Schrodinger equation for a single electron moving in the potential V°r) due
to a periodic crystal lattice. That is, we need to solve the equation

02 2
À r °rÞ þ V°rÞ °rÞ ¼ E °rÞ; °4:1:2Þ
where the lattice potential has the property that, for all lattice vectors l,
V°rÞ ¼ V°r þ lÞ.
If the potential were zero, the wavefunctions would be of the form dis-
cussed in Section 2.1,

k ¼ À1=2 eik Á r ;

with energies given by

02 k2
Ek ¼ :
If we now slowly switch on the lattice potential the wavefunctions are per-
turbed to a new form

¼ À1=2 uk °rÞeik Á r : °4:1:3Þ
4.1 Bloch electrons
Because the lattice potential is periodic, this modi¬cation of the wavefunction
is also periodic, and so

uk °rÞ ¼ uk °r þ lÞ:

The fact that the wavefunctions can be written in the form (4.1.3) is known
as Bloch™s theorem, and can be proved as follows. Let us consider any solu-
tion of the Schrodinger equation

H°rÞ °rÞ ¼ E °rÞ:

On relocating the origin of r we ¬nd

H°r þ lÞ °r þ lÞ ¼ E °r þ lÞ:

But since V°r þ lÞ ¼ V°rÞ it follows that

H°rÞ °r þ lÞ ¼ E °r þ lÞ:

Thus any linear combination of the °r þ lÞ for di¬erent l gives a valid
eigenstate of energy E. Let us in particular choose the combination
°r þ lÞeÀik Á l
k °rÞ ¼
ik Á r
°r þ lÞeÀik Á °rþlÞ :

Because the sum is over all l it must be a periodic function of r with the
period of the lattice, and can be identi¬ed with the function uk °rÞ of
Eq. (4.1.3). If we now impose the cyclic boundary conditions that we used
in Section 2.1 for free electrons, and demand that

k °rÞ ¼ k °r þ LÞ

for three di¬erent large lattice vectors L, we shall clearly have the condition
that all the components of k must be real.
An electron having a wavefunction of the form (4.1.3), where uk °rÞ is
periodic in the lattice, is known as a Bloch electron. In terms of uk °rÞ the
Schrodinger equation (4.1.2) becomes
À °r þ ikÞ2 þ V°rÞ uk °rÞ ¼ E k uk °rÞ; °4:1:4Þ
128 One-electron theory
which we write as

Hk uk °rÞ ¼ E k uk °rÞ:

The reciprocal lattice vectors, g, de¬ned in Section 3.6, have the property
that eig Á l ¼ 1 for all g and l. It follows that any function that may be written
in the form g ag eig Á r is periodic with the periodicity of the lattice. The
converse may also be shown to be true for any well behaved periodic func-
tion, which allows us to expand V°rÞ and uk °rÞ in Fourier series of the plane
waves eig Á r . We can thus write
ig Á r
ug °kÞeig Á r ;
V°rÞ ¼ Vg e ; uk °rÞ ¼
g g

° °
À1 ÀigÁr À1
eÀig Á r uk °rÞ dr:
Vg ¼  ug °kÞ ¼ 
e V°rÞ dr;

If we substitute these expressions into (4.1.4) and equate the various Fourier
components we ¬nd the in¬nite set of equations

°g þ kÞ ug °kÞ þ
Vg 0 ugÀg 0 °kÞ ¼ E k ug °kÞ;
2m 0

which can in principle be solved for E k and ug °k). The graph of E k against k is
known as the band structure, for reasons that will soon be apparent. It is
interesting to note that it is only certain Fourier components of the atomic
potentials that contribute to these equations which determine the E k . If the
lattice potential is supposed to be due to a superposition of atomic potentials
Va °rÞ, so that
V°rÞ ¼ Va °r À lÞ;

one can write the Fourier transform of V°rÞ as
eÀiq Á r V°rÞ dr
V°qÞ ¼ 
X °
À1 Àiq Á l
Va °r 0 ÞeÀiq Á r dr 0 :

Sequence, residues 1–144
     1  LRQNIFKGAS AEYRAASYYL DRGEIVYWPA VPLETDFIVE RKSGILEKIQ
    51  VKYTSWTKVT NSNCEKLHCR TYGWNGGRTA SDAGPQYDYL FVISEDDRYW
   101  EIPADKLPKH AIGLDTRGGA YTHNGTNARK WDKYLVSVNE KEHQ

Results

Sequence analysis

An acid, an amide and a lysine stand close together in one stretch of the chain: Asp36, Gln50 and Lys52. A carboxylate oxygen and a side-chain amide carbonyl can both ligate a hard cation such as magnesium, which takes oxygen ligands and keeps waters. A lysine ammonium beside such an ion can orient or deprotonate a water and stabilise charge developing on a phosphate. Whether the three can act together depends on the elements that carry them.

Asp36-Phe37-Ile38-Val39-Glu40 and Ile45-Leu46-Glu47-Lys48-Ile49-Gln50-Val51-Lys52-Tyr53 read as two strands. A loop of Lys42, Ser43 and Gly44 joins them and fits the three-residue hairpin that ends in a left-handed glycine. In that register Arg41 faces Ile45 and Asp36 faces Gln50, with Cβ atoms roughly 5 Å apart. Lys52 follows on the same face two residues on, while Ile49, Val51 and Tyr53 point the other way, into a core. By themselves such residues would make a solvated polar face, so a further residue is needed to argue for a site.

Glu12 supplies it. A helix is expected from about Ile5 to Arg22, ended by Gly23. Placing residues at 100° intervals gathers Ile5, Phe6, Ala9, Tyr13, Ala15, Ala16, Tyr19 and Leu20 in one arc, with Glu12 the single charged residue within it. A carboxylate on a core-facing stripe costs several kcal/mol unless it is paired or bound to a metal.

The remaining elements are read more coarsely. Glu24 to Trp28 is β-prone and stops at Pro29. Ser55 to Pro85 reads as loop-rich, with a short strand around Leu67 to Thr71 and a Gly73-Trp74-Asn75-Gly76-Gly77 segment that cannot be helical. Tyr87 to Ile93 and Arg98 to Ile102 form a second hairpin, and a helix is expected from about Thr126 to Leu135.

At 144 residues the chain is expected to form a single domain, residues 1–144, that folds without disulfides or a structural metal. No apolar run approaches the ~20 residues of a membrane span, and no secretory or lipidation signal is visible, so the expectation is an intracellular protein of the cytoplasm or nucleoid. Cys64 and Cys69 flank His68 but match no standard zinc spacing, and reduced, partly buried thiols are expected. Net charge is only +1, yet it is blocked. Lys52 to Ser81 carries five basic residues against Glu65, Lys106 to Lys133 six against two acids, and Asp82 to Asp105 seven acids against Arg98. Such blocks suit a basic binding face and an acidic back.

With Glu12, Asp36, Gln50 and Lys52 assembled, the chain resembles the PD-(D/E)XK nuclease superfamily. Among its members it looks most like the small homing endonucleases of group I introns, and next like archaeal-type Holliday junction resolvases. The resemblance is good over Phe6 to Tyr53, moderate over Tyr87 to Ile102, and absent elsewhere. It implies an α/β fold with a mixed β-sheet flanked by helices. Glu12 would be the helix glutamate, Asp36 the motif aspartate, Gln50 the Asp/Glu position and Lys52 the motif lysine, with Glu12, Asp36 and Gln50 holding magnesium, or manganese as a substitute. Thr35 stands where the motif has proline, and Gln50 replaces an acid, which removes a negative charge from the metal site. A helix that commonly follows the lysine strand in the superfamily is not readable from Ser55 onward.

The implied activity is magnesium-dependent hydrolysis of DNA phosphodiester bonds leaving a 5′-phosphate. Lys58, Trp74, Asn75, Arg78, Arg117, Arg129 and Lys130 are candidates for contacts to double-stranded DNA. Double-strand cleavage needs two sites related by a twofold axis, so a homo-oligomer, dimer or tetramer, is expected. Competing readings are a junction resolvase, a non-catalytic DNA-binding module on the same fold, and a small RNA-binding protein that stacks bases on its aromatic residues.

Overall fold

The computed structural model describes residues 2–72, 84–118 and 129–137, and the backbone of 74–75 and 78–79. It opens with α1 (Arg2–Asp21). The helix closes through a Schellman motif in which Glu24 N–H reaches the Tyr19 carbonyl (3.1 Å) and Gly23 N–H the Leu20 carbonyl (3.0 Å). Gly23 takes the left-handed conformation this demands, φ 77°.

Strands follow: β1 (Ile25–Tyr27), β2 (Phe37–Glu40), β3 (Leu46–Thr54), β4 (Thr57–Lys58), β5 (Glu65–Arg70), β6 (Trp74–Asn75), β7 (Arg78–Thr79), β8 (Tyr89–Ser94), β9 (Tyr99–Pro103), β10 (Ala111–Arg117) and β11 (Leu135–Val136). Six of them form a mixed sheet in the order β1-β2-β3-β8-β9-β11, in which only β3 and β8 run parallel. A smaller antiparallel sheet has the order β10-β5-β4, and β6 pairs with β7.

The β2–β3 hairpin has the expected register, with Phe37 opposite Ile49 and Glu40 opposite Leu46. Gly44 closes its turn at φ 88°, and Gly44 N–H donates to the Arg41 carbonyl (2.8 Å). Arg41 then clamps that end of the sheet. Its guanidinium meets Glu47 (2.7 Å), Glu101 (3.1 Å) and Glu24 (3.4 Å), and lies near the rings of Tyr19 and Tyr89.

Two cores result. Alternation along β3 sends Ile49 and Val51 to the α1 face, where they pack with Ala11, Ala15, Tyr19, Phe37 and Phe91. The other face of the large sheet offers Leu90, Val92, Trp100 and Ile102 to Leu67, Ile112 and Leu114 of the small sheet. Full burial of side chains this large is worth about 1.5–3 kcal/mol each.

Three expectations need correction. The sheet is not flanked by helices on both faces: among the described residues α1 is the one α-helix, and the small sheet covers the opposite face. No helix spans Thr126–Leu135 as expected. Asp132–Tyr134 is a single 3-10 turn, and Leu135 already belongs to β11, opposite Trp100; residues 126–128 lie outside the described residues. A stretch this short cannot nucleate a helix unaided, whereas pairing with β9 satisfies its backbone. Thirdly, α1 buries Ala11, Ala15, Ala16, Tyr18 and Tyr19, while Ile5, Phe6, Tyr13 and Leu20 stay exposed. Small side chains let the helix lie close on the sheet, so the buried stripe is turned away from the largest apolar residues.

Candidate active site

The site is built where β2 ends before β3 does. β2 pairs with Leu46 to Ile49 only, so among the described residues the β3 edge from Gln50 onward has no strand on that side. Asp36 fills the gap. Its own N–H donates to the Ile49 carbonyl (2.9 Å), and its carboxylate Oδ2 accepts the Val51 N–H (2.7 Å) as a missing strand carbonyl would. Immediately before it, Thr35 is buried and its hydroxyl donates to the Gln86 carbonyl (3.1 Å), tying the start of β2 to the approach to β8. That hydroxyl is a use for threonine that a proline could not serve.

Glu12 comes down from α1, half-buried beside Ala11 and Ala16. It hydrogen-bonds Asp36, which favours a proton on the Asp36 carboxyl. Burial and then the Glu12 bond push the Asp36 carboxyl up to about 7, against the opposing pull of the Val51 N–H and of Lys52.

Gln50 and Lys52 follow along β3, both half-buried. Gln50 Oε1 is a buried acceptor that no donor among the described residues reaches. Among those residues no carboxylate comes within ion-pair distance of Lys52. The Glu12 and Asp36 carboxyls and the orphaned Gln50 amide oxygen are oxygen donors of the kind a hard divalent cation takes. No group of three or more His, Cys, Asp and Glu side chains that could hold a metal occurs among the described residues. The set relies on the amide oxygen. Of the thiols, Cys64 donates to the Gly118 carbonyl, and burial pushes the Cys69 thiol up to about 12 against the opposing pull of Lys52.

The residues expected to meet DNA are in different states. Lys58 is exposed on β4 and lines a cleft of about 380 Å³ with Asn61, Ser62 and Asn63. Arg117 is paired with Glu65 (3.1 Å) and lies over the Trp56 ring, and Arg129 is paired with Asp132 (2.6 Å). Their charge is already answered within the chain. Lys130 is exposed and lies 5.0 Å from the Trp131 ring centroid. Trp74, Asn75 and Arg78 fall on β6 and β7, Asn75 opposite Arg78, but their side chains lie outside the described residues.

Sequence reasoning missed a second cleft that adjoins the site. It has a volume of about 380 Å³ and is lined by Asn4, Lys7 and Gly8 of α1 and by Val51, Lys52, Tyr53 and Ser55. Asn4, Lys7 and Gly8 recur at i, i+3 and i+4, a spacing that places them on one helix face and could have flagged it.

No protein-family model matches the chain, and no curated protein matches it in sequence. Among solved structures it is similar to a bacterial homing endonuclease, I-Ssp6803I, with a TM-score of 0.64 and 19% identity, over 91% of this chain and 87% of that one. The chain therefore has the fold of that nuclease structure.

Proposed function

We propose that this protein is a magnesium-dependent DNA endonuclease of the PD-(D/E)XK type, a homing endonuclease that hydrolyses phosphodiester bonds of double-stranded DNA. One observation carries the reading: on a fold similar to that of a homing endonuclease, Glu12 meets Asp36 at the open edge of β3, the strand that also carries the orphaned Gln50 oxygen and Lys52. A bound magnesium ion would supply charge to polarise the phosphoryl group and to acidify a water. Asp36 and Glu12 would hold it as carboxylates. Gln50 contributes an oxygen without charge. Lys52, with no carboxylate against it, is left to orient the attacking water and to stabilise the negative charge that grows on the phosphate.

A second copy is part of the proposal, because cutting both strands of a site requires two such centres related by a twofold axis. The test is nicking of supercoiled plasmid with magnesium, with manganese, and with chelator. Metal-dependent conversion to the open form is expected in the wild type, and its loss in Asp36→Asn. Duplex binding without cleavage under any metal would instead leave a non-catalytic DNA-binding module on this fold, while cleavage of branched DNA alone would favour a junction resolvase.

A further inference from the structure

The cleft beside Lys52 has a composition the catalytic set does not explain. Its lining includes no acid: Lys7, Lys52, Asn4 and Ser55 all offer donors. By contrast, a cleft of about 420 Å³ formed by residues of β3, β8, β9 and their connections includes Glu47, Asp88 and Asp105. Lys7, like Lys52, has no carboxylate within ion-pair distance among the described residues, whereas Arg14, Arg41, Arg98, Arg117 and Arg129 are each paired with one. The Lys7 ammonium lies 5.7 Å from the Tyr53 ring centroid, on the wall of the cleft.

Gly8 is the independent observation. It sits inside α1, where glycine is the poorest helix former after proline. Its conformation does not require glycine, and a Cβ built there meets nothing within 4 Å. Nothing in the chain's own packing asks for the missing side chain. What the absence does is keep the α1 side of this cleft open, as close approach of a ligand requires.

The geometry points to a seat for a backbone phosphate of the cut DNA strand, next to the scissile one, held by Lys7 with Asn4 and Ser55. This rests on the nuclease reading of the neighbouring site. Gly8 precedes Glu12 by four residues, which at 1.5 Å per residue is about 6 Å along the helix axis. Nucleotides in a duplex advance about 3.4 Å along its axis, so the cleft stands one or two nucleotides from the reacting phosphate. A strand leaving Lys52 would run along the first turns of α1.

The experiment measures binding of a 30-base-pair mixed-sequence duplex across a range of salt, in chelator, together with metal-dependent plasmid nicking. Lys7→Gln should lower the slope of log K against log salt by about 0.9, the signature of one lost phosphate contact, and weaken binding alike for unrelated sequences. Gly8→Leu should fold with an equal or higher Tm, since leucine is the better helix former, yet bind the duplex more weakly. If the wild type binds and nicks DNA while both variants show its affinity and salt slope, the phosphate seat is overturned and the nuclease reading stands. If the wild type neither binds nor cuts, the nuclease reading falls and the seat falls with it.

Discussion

¼ e
4.1 Bloch electrons
Thus the Fourier transform of the lattice potential is expressed in terms of the
Fourier transform, Va °qÞ, of the atomic potential Va °rÞ. However, because
the sum over l vanishes unless q is equal to a reciprocal lattice vector, g, the
energies of the Bloch electrons depend only on these particular terms in V°qÞ.
This is illustrated in Fig. 4.1.1.
If one were to take a free electron and slowly switch on the lattice potential,
the wavefunction would be gradually transformed from a plane wave to a
Bloch wave of the form (4.1.3). In general the value of k is then well de¬ned,
since it does not change from its original value, and the plane wave merely
becomes modulated by the function uk °rÞ. It is, however, possible to write the

Figure 4.1.1. V°qÞ is the Fourier transform of the potential V°rÞ due to a single atom.
When one sums the contributions of all the atoms in the lattice the only parts of V°qÞ
that do not vanish occur when q is equal to a reciprocal lattice vector g.
130 One-electron theory
Bloch wavefunction in the form

¼ À1=2 ½uk °rÞeig Á r Šei°kÀgÞ Á r :
k °rÞ

Because both uk °rÞ and eig Á r are periodic, so is their product. This means that
the wavefunction can be considered as obeying the Bloch condition (4.1.3)
not just for one value of k, but for any value such as k À g. This is not the
same thing as the equivalence that was found in Section 3.6 of the coordinate
yq to yqþg , for here we are dealing with a set of wavefunctions that are all
di¬erent although they happen to obey the Bloch equation with the same k.
The function uk °rÞeig Á r is not the same as ukþg °rÞ. The di¬erence arises from
the fact that the phonon problem has only a limited number of degrees of
freedom, while the Schrodinger equation has an in¬nity of solutions. The
Bloch theorem allows these solutions to be classi¬ed either according to the
original value of k before the potential was switched on, or else according to
the value of k after some reciprocal lattice vector has been added to it. The
¬rst Brillouin zone was de¬ned in Section 3.6 as the volume in k-space con-
taining all those points for which jkj jk þ gj for all g. It is sometimes